The main strength of the military records collection is in First World War records, where Ancestry has most of the surviving service and pension records. In addition, the WW1 Medal Roll index cards comprise the most complete collection of WW1 soldiers - approximately 90% of soldiers are included, which makes it a very useful resource.


You can search all or any of the military datasets starting from here.



Lists of incoming and outgoing passengers survive from 1890 to 1960 (there are also a small number incoming lists from 1878-1888, but most were destroyed in 1900). Only ships which travelled outside Europe and the Mediterranean are included in these Board of Trade records, but with nearly 40 million entries between the two collections they are a major source of information for family historians.


Although the outgoing lists are the obvious place to look for evidence of emigration, sometimes people came back to visit their family "in the old country", and when this happens you can pick up all sorts of clues. For example, I only discovered that one of my cousins in Canada had married his brother's widow in 1925 when I saw the two of them travelling back to the UK for a visit in 1960.



The National Probate Calendar is an amazingly useful source, listing just about every will and administration in England & Wales between 1858-1966. Now that it costs £10 to send off for a copy will it's imperative to make sure that your ancestor actually made a will, and that it went to probate (not all wills need to be proved).


If your ancestor died before 1858 you might even find a copy of the will online - Ancestry have Prerogative Court of Canterbury (PCC) wills from 1384-1858 (and yes, I do mean 1384 - how's your Latin?), Gloucestershire Wills & Inventories from 1541-1858, and Dorset Wills & Administrations from 1565-1858.



I don't have time to tell you about everything but look out particularly for electoral registers, voters lists, school admission & discharge registers, Poor Law records, and the BT Phone Directories up to 1984 (great for following up on 20th century relatives).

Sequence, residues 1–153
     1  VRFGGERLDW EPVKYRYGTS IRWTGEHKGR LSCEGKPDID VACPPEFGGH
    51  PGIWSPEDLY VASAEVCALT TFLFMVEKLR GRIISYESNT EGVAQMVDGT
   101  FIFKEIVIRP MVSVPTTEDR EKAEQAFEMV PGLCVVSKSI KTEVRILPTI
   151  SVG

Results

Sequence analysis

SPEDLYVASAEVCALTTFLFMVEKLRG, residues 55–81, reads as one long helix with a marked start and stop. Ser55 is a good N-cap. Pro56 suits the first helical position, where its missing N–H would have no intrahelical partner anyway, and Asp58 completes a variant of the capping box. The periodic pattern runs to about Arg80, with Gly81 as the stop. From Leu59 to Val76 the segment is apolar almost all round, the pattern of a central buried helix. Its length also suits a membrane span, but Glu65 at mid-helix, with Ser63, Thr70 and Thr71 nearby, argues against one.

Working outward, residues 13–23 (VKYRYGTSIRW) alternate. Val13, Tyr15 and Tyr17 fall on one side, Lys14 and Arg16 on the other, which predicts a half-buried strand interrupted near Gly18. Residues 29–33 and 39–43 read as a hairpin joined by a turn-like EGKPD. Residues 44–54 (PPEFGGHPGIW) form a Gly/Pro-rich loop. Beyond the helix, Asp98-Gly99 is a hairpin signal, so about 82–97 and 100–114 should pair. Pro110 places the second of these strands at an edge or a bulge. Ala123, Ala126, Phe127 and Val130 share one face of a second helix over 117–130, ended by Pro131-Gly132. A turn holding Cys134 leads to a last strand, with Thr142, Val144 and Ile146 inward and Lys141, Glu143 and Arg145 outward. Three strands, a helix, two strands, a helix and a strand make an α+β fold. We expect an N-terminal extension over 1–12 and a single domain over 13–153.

Using Ancestry to find 'lost cousins'

There are millions of family trees at Ancestry, with over 3 billion entries (inevitably there will be some duplication) and amongst these trees there are likely be dozens which have been posted by cousins of yours.


But before exchanging information with people you find always verify their connection to your ancestors - many people who post public trees are less experienced than LostCousins members, and therefore more likely to make mistakes (a large tree is probably just as likely to be an indication of inexperience as of experience). Bear in mind that if you provide information to a cousin who has an online tree they're likely to add your data to their tree. I'm always careful only to pass on information that's directly relevant - I never share my entire tree with anyone.


Many experienced researchers choose not to post their tree online, but you can still make use of your Ancestry subscription to find them - through LostCousins! To have a reasonable chance of linking to your cousins you need to enter their ancestors as well as your own, and whilst the 1881 England & Wales Census transcription is free, other censuses aren't - so you need a subscription to trace your collateral lines.


Why is it necessary to enter your cousins' ancestors? Because if you only enter your ancestors and they only enter theirs, you'll only match if your common ancestor(s) were still alive in 1881 - and that obviously won't be the case for the vast majority of your 'lost cousins'.


By definition someone who is a cousin is descended from a collateral line (otherwise known as a side line) - for example, your 1st cousins are descended from your parents' siblings, your 2nd cousins are descended from your grandparents' siblings, and so on. When you research those collateral lines and bring them forward in time you're opening up new paths to discovering 'lost cousins'.


You can use Ancestry to track what happens to your ancestors' siblings, starting from 1841 (or even earlier if the parish records are online), and going all the way to 1881: you'll want to find their marriages, their children, even their grandchildren. All of their descendants are cousins of yours, and the cousins recorded on the 1881 Census might well lead you to some of the thousands of cousins who are alive today - your 'lost cousins'.